Oral squamous cell carcinoma in non-smoking and non-drinking patients

Head Neck Oncol. 2010 Oct 4:2:24. doi: 10.1186/1758-3284-2-24.


Introduction: Of the many different factors associated with an increased risk for oral squamous cell carcinoma (SCC), tobacco and alcohol seem to be the most studied. The aim of the current study was to evaluate the clinicopathologic characteristics of patients without the mentioned risk factors.

Patients and methods: Out of 278 patients (159 male and 119 female patients) with oral SCC, 67 patients had no history of tobacco or alcohol use. The minimum follow-up time was 12 months.

Results: Of the 67 patients, 45 (67.2%) were women, and the mean age was 70 years. The most common tumor sites were mandibular alveolar ridge (22) and maxilla (18). Fifteen patients experienced a recurrence, and 10 developed lymph node metastases during the follow-up period.

Conclusion: The group of patients with no tobacco and alcohol use tends toward a higher proportion of females, a higher proportion of patients over 70 years, and a higher number of oral maxillary SCC.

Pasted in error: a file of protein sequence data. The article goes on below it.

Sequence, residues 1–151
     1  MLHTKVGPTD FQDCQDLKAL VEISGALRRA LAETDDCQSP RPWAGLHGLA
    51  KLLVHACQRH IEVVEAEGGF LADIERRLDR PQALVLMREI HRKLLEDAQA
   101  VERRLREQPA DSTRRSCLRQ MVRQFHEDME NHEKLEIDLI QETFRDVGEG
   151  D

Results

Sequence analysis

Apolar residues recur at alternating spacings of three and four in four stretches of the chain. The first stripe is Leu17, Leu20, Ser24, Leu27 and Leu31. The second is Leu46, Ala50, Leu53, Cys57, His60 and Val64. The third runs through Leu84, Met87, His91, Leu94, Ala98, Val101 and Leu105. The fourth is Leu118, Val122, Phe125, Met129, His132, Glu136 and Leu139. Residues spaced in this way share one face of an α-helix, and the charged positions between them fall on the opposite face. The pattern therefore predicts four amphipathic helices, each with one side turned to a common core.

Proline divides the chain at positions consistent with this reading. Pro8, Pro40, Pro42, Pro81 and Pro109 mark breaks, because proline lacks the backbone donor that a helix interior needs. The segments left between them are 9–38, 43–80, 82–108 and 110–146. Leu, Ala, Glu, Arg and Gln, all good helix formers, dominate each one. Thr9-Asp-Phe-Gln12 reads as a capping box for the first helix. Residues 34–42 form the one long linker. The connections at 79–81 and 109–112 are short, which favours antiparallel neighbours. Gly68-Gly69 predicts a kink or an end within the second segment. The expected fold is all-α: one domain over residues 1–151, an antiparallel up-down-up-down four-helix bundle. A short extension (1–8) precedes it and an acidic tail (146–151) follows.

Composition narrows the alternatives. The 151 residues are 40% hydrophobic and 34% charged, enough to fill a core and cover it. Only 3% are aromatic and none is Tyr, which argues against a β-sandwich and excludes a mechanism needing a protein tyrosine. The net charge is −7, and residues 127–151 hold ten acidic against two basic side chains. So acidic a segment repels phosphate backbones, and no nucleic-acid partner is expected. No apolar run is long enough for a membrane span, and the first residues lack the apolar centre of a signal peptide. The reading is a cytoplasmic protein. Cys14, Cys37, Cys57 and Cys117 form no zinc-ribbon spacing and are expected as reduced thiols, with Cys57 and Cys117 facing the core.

MeSH terms

  • Adult
  • Aged
  • Aged, 80 and over
  • Alcohol Drinking / adverse effects
  • Alcohol Drinking / epidemiology
  • Carcinoma, Squamous Cell / epidemiology*
  • Carcinoma, Squamous Cell / etiology
  • Carcinoma, Squamous Cell / pathology
  • Female
  • Humans
  • Male
  • Middle Aged
  • Mouth Neoplasms / epidemiology*
  • Mouth Neoplasms / etiology
  • Mouth Neoplasms / pathology
  • Neoplasm Metastasis
  • Neoplasm Recurrence, Local
  • Neoplasm Staging
  • Risk Factors
  • Smoking / adverse effects
  • Smoking / epidemiology